Measuring the Immeasurable Toll of Brain Injuries on Relationships

"No man is an island," the poet John Donne famously wrote over 400 years ago.

In the context of brain injuries, one might also add a corollary. No one's brain injury injures only him or herself. To the contrary: brain injuries profoundly affect the relationships of the people who suffer them.

A brain injury lawyer who takes on a case involving head injuries sooner or later has to confront this challenging reality. In all likelihood, the injured person's case will also have a major impact on the person's family.

Gabby Giffords Case

The most high-profile example of rebuilding a life after a traumatic brain injury is probably former U.S. Representative Gabrielle Giffords of Arizona. She was shot at point-black range by a would-be assassin in January 2011. Amazingly, she survived the attack, in which six people were killed.

Giffords suffered severe brain injuries in the attack, however, and continues to try to rebuild her life. After months of therapy, she was able to make several public appearances. But the toll the injury took on her ability to perform daily tasks eventually led her to resign her seat in Congress.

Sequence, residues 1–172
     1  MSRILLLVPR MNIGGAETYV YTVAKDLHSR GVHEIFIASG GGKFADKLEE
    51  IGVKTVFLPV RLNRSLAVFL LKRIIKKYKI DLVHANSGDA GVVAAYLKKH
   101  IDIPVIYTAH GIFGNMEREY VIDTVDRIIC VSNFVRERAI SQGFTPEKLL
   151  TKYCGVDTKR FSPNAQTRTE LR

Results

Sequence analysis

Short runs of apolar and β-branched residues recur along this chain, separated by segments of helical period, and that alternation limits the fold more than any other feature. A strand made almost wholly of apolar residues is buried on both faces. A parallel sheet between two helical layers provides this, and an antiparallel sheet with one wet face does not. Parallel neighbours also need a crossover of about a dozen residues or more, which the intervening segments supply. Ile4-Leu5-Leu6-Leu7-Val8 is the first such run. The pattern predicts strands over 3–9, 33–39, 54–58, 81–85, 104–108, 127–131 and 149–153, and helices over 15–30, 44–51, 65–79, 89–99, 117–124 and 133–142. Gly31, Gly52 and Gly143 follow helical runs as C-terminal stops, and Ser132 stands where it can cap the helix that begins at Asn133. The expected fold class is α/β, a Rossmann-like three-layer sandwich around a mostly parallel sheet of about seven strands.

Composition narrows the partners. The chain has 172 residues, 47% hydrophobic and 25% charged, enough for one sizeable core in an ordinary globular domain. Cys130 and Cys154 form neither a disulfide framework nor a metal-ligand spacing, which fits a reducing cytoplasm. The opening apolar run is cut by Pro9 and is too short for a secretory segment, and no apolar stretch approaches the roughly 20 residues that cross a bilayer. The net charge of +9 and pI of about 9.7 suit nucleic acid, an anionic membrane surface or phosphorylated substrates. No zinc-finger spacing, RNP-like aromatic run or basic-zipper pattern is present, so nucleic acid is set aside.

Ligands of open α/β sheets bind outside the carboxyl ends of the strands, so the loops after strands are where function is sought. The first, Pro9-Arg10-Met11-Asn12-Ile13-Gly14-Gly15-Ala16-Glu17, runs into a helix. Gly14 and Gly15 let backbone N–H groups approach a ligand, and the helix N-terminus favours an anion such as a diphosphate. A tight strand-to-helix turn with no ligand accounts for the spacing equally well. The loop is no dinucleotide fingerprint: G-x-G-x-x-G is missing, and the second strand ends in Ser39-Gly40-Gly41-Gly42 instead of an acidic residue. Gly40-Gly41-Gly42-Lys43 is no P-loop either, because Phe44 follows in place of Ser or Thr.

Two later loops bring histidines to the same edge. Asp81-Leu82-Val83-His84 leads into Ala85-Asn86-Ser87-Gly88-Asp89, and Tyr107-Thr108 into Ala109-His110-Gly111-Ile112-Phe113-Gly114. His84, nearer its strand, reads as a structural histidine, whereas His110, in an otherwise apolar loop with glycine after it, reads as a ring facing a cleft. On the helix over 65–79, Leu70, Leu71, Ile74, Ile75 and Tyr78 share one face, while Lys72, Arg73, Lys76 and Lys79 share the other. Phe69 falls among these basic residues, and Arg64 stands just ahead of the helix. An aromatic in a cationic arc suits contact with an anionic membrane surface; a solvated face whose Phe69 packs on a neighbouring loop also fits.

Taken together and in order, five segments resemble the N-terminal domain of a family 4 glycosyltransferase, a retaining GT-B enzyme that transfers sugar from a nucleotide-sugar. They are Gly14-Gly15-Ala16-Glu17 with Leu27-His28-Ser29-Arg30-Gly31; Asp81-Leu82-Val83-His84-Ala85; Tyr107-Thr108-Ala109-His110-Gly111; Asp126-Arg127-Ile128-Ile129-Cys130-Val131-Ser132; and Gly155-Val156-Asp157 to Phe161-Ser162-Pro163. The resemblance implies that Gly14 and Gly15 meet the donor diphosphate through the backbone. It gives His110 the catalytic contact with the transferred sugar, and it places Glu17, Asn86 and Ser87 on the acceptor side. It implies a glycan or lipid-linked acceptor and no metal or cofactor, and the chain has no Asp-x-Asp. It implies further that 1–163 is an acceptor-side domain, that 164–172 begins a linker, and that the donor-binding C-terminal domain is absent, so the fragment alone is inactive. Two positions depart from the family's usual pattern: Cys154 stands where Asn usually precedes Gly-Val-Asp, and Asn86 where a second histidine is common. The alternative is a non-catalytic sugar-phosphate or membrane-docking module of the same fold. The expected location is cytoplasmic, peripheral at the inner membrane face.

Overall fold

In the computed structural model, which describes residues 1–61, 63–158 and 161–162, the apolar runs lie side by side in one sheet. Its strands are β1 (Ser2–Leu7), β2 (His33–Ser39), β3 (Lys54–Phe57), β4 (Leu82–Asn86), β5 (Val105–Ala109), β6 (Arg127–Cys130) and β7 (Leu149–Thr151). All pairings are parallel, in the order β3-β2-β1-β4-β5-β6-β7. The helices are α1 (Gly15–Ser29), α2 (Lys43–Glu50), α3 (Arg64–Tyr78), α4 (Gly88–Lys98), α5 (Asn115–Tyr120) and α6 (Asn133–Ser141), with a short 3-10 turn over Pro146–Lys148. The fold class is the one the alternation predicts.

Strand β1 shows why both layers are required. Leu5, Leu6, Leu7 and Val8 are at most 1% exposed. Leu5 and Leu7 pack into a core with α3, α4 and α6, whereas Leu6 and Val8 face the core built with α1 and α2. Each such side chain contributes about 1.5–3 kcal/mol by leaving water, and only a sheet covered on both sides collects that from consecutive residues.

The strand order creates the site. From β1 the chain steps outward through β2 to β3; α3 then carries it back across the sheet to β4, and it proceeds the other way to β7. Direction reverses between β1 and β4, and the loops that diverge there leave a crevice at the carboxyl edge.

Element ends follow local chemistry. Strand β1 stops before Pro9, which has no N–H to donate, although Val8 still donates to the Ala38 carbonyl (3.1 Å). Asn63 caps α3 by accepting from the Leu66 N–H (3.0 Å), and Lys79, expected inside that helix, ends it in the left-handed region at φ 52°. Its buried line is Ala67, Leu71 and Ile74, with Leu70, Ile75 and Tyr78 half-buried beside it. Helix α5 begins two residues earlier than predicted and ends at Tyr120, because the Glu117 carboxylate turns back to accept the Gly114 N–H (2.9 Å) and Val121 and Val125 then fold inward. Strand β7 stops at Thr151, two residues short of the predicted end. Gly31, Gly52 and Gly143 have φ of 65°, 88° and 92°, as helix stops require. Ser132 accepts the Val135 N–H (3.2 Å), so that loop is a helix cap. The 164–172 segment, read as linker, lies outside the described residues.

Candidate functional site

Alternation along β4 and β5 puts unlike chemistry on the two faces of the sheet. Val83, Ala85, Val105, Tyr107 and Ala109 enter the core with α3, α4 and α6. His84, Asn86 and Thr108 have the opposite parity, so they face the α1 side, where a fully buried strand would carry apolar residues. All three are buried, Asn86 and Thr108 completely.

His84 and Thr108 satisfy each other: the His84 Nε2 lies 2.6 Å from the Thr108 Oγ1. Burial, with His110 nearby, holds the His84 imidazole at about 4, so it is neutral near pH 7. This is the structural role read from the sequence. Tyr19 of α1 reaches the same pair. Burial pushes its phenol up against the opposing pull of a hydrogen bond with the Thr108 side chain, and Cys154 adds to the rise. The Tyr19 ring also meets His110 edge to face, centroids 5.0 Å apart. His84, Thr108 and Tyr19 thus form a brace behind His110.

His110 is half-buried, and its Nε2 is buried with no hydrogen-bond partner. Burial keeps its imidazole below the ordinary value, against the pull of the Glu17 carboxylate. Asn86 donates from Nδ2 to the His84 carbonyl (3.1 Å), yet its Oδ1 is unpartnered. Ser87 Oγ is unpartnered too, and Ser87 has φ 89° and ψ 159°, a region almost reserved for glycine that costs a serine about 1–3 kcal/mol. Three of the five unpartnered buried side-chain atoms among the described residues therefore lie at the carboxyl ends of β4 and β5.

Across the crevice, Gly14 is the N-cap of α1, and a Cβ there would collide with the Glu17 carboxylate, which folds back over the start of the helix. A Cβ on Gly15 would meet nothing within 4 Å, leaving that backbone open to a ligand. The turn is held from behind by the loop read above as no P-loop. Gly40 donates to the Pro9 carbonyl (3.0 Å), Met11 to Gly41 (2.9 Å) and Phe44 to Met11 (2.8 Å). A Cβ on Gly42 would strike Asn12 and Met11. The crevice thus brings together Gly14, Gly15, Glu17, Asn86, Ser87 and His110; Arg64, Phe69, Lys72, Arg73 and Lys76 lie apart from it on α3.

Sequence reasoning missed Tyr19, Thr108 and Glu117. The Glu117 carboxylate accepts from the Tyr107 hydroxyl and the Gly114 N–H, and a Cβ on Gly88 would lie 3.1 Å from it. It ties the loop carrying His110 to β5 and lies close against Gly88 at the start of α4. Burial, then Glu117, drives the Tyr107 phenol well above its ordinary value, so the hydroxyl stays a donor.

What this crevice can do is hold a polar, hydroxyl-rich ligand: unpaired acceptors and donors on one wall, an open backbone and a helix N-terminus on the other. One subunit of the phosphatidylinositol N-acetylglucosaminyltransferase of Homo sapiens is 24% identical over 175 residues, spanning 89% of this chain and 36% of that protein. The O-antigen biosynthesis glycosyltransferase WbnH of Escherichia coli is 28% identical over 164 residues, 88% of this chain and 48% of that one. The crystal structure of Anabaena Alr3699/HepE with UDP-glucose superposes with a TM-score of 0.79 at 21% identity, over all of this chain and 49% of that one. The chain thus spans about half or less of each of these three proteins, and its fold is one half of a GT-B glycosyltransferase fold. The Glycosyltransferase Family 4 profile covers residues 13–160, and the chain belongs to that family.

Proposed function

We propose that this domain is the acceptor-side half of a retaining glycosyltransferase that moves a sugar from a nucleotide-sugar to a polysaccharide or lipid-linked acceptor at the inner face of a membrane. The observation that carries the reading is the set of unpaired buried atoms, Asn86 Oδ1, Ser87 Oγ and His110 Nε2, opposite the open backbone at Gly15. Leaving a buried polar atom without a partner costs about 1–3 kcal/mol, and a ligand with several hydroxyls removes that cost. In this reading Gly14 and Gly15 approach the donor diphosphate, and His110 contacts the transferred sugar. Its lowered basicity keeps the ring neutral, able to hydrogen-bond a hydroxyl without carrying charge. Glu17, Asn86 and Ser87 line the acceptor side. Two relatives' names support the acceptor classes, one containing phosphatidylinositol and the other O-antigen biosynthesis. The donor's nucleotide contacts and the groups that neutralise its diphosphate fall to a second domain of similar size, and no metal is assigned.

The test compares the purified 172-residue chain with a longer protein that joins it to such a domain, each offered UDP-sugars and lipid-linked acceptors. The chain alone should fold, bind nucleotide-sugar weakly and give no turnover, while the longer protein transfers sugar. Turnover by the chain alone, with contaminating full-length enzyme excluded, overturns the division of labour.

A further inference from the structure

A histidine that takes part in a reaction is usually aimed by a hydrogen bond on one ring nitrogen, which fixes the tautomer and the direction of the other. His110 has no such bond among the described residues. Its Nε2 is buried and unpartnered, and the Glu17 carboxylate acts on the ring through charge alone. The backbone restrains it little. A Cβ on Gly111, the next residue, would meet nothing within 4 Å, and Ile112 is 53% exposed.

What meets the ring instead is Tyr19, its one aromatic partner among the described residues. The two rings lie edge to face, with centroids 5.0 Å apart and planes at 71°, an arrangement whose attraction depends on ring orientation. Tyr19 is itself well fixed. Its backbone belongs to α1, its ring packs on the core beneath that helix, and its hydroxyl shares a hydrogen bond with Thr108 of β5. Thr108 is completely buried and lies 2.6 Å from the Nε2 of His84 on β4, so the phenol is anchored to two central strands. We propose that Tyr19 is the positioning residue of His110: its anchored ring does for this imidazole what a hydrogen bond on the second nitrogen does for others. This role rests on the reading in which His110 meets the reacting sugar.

Giffords and her husband, astronaut Mark Kelly, have been forthcoming with the press about the challenges the injuries have brought - not only for Giffords herself, but for the marriage relationship.

"For the past year, we've had new realities to live with," Kelly said at a vigil in Tucson a year after the shooting. "The reality and pain of letting go of the past."

Resetting the Expectations

The conventional wisdom used to be that the risk of divorce increased in couples in which one spouse suffered a brain injury. Recent research has shown that this is not necessarily the case.

Couples who stay together after a brain injury, however, may need to reset their expectations about the relationship. The marriage may still be technically intact, but the quality of the marital relationship may be greatly diminished.

In other words, it takes a lot of love and self-denial to deal with the "letting go" process Mark Kelly alluded to. The process of doing this can be wrenching and is attracting increasing interest from marriage counselors.

Ultimately, it doesn't matter whether a brain injury was caused by a vehicle accident, by medical malpractice, or in some other way. The effects are far-ranging, and they most certainly include big impacts on the injured person's spouse and other close family members. The toll of brain damage damages them as well.